Plot: What’s it about?
This film is based in Melbourne, Australia and focuses on one isolated area, where a lot of change has happened of late. It seems a lot of foreign people have begun to take up residence there and open shops, making the area more diverse in the process. While some might view this as a very good thing, some people in the area don’t think it is a good thing in the least. Hando (Russell Crowe) has a real problem with all the Vietnamese people taking up space in his area, but he has plans to rectify that issue as well. He and his team of fellow skinheads have taken the task of beating or killing all Vietnamese people they find, which they think will send a message to the others to leave or suffer the same fate. As they attack person after person, their hatred seems to grow and their behavior becomes more violent. But the battle isn’t going to be one-sided forever though, as the Vietnamese people begin to band together to ward off their attackers. In this brutal war between them, will anyone survive and if so, will the bloodshed ever end?
Do you like American History X, but want an even more brutal look at the topics the film explores? Then look no further, as Romper Stomper is now on our beloved format and thanks to Fox, looks and sounds better than ever. You have to love Fox and their double disc editions and while this one is lax on extras, it is still a tremendous release. This is a very dark, brutal film and that might drive some away, but the total impact of the movie is incredible. I know a lot of people praise American History X (and with good reason), but Romper Stomper is a superior film in all respects. It seems more realistic, the writing is better, the acting is better (Crowe gets a slight nod over Norton), and the direction is downright excellent. This seems almost documentary like at times, it all seems so natural and realistic, with some sequences that seems almost too real. I know the hard edge on this movie, with all the brutal violence and decayed system will offend some, but the film is well worth a look. Imagine American History X without a Hollywood spit shine and viola, you’ve got Romper Stomper. I give this film my highest recommendation and with a terrific release like this, a rental or purchase is money well spent.
Russell Crowe’s performance in Gladiator might have gotten all the press, but his prior works have been superior in the end, such as his turn in Romper Stomper. He isn’t much of a hero in this movie, but his powerful performance here is, in my opinion, his finest work. He plays Hando with a blazing mixture of charisma and confusion, which allows us to see just deep enough into the character. We can see the violence and conflict within Hando, but we can understand also why his friends remain at his side. This is a very dark role to be sure, but Crowe is able to handle it with no problems whatsoever. You can more of Russell Crowe in films such as Mystery Alaska, The Insider, The Quick and The Dead, L.A. Confidential, and Virtuosity. The rest of the cast is also very convincing and includes Alex Scott, Leigh Russell (Dust of the Wings), Daniel Pollock (Lover Boy, Nirvana Street Murder), James McKenna, and Jacqueline McKenzie (Freak Weather, Deep Blue Sea). The director of Romper Stomper is Geoffrey Wright, who also helmed such movies as Silver Surfer, Metal Skin, Loverboy, and Cherry Falls.
Video: How does it look?
Romper Stomper is presented in a 1.85:1 anamorphic widescreen transfer. This film has a very raw visual technique, so there is a level of grain that is intentional and shouldn’t be worried about. This transfer is much better than previous editions, with no excess grain present and a very clean source print. The film’s unique color and contrast scheme is well replicated here, with just the right balance levels and tones. The colors sometime seem a little dull, but that is a style choice and the hues seem correct at all times. I was pleased with the contrast as well, detail level is high and the black levels look dead on. This movie has a very specific visual style, but this transfer comes through on all counts.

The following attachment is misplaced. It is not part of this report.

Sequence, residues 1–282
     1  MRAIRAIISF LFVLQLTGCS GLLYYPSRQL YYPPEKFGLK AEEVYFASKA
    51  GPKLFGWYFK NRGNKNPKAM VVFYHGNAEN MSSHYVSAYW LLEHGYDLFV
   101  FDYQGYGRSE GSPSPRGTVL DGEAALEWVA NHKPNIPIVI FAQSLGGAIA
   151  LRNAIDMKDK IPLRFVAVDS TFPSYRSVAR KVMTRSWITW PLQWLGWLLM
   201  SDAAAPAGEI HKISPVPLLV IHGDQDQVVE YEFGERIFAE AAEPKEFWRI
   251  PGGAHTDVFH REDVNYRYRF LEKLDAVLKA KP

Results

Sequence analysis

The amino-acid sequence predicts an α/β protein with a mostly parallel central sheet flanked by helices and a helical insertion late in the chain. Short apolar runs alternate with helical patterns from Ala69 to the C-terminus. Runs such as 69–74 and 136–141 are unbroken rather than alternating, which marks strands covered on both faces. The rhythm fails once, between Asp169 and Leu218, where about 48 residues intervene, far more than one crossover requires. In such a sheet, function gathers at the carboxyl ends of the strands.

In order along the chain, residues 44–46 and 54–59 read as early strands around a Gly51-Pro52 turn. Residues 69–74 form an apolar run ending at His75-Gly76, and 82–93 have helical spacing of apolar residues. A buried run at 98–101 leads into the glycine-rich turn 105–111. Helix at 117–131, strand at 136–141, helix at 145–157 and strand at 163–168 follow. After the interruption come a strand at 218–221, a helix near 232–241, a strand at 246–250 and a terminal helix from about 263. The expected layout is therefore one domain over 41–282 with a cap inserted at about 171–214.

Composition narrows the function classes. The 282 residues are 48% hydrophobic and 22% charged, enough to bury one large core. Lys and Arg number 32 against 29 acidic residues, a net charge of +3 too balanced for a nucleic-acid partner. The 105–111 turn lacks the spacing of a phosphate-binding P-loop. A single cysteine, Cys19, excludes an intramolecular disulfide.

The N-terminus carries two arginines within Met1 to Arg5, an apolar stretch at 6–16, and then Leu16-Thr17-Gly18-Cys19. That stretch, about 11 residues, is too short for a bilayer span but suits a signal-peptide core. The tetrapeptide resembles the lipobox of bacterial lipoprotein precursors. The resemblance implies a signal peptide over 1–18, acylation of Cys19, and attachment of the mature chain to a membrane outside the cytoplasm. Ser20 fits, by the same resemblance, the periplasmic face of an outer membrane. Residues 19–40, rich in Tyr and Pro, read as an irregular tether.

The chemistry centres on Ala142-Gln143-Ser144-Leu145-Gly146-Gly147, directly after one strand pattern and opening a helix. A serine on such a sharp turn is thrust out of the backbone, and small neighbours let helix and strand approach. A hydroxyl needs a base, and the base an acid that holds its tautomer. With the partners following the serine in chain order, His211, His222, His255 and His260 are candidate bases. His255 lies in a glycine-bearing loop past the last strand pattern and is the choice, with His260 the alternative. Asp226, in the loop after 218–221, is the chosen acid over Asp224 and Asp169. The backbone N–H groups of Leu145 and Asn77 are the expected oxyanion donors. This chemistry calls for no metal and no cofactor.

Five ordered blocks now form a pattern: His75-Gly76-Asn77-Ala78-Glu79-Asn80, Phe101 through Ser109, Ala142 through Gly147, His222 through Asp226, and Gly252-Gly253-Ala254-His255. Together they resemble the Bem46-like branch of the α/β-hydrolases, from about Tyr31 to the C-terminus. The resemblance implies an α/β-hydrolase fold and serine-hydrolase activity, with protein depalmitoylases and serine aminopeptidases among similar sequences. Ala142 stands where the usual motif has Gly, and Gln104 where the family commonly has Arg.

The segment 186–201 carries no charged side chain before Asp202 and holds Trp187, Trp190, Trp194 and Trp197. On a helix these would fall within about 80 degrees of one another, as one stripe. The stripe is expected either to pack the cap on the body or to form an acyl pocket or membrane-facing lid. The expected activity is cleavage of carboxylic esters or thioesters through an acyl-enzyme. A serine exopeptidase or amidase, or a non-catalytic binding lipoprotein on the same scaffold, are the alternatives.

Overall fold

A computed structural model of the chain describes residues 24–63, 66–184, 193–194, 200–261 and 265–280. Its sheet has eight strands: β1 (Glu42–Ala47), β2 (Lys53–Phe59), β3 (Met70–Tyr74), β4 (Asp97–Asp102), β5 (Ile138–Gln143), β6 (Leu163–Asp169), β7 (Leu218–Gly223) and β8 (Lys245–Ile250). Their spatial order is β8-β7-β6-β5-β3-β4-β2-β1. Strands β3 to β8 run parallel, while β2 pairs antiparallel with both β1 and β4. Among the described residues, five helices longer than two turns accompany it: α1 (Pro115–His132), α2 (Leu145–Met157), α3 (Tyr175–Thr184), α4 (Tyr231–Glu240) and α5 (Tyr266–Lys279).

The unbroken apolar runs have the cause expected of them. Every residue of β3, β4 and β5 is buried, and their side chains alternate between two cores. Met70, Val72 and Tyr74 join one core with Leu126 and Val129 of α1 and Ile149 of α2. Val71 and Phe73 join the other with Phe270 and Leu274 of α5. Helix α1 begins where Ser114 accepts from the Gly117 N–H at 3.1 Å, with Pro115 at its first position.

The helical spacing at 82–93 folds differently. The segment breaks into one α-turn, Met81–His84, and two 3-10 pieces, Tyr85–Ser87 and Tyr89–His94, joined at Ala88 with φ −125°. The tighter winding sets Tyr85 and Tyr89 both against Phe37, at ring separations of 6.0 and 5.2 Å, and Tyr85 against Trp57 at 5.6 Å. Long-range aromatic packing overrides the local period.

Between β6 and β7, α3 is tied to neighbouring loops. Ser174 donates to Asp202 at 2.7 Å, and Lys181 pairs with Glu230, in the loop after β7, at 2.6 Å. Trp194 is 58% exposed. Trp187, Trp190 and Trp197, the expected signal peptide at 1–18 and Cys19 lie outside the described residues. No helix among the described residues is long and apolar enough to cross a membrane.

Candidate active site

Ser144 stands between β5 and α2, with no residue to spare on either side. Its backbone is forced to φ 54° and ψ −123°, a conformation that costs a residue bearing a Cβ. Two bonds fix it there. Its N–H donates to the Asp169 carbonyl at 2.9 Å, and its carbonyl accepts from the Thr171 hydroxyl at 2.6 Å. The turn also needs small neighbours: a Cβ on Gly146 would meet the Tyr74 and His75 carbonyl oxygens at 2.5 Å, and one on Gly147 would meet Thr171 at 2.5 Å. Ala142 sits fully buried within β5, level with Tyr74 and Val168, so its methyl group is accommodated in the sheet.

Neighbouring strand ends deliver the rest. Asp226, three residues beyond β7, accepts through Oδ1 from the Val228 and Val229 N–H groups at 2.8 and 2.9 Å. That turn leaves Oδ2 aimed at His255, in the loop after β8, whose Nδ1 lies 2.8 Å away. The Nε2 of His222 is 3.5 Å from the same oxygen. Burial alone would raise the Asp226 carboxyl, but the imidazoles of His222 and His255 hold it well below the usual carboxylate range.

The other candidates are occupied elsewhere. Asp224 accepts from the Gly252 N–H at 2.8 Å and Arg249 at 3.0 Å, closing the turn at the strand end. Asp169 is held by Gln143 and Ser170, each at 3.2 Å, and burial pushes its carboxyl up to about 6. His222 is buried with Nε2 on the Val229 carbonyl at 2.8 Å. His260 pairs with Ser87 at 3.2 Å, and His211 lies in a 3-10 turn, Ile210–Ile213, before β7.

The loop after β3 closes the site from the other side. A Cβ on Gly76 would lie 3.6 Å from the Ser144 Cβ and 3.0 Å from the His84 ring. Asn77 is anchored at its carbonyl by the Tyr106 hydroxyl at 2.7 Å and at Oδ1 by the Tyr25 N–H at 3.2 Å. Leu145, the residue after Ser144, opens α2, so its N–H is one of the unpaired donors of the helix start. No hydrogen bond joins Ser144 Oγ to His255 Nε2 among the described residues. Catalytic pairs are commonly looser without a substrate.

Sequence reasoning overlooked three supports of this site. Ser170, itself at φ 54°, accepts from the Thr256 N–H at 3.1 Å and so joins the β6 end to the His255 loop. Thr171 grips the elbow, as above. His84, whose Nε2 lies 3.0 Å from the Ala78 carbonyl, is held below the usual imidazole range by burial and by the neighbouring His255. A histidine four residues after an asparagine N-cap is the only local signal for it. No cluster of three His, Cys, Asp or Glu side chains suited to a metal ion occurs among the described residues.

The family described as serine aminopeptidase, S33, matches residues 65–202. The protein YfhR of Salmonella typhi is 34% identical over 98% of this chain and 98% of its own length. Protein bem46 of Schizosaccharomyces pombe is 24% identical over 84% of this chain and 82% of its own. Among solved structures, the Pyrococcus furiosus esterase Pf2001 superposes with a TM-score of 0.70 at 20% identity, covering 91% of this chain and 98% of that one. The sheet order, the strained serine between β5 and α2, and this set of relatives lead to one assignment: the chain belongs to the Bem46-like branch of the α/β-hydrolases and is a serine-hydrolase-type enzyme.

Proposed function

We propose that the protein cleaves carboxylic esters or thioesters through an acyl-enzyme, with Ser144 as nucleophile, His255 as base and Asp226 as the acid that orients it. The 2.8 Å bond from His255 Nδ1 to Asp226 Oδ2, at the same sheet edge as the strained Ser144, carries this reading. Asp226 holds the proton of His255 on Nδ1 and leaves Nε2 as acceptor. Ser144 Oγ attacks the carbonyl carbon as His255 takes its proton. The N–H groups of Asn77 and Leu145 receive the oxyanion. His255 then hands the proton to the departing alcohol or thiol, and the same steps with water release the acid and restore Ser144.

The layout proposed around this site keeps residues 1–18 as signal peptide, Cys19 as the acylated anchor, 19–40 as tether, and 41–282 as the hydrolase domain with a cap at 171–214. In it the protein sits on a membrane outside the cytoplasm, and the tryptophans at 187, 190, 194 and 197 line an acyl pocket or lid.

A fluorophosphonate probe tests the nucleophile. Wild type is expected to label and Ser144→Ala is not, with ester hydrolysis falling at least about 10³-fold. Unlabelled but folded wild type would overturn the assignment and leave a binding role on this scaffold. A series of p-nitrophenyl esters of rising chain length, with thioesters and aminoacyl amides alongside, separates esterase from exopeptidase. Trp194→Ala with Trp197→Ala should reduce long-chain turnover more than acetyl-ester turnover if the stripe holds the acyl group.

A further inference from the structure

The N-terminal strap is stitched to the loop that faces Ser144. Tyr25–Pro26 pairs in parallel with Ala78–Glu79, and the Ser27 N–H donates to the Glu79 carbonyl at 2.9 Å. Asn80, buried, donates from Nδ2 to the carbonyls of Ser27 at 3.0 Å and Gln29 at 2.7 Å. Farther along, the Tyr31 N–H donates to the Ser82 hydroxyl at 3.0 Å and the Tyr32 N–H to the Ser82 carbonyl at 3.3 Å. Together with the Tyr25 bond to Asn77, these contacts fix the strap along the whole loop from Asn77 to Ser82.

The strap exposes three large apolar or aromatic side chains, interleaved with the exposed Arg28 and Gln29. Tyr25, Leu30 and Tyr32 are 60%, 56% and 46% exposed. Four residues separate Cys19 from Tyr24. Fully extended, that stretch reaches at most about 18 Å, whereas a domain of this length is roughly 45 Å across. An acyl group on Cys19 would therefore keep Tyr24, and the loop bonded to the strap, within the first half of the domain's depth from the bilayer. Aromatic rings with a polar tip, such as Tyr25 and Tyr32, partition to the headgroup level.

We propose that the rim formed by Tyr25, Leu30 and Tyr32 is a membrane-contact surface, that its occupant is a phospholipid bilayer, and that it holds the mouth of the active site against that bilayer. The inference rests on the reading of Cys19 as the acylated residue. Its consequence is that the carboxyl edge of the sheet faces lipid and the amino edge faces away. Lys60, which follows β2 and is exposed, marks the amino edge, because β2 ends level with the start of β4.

Audio: How does it sound?
Fox has includes 5.1 surround tracks in Dolby Digital and DTS formats, so whichever system you have, you’ll be provided with an excellent experience. I didn’t know active this film would be in terms of surround use, but I was very impressive with these mixes, which have the speakers working around the clock. The surrounds are loaded with material from start to finish, whether subtle, directional, or all out powerful type audio needs. I was blown away by the DTS mix here, but the Dolby Digital option also packed a mighty punch. The film’s harsh punk soundtrack sounds awesome in these mixes, which is good because it adds a lot to the movie’s tone. No gripes in terms of dialogue either, the vocals sound clean at all times and no volume flaws surface either. This disc also includes a 2.0 surround track and English subtitles.
Supplements: What are the extras?
The first disc contains an isolated musical score, as well as an audio commentary track with director Geoffrey Wright. This is a very informative commentary, as Wright discusses all sorts of topics, such as his influences for the film, working with the cast, and problems that surfaced during the production. No real silent spaces and plenty of insight, this is how all commentary tracks should be. The second disc houses the rest of the supplements, including a wealth of new and original interviews with the cast & crew. I didn’t like the method used to present these interviews, but I was pleased to find more insight once I watched them. A selection of still photos, the film’s theatrical trailer, some talent files, and a restoration demonstration are also located on this disc.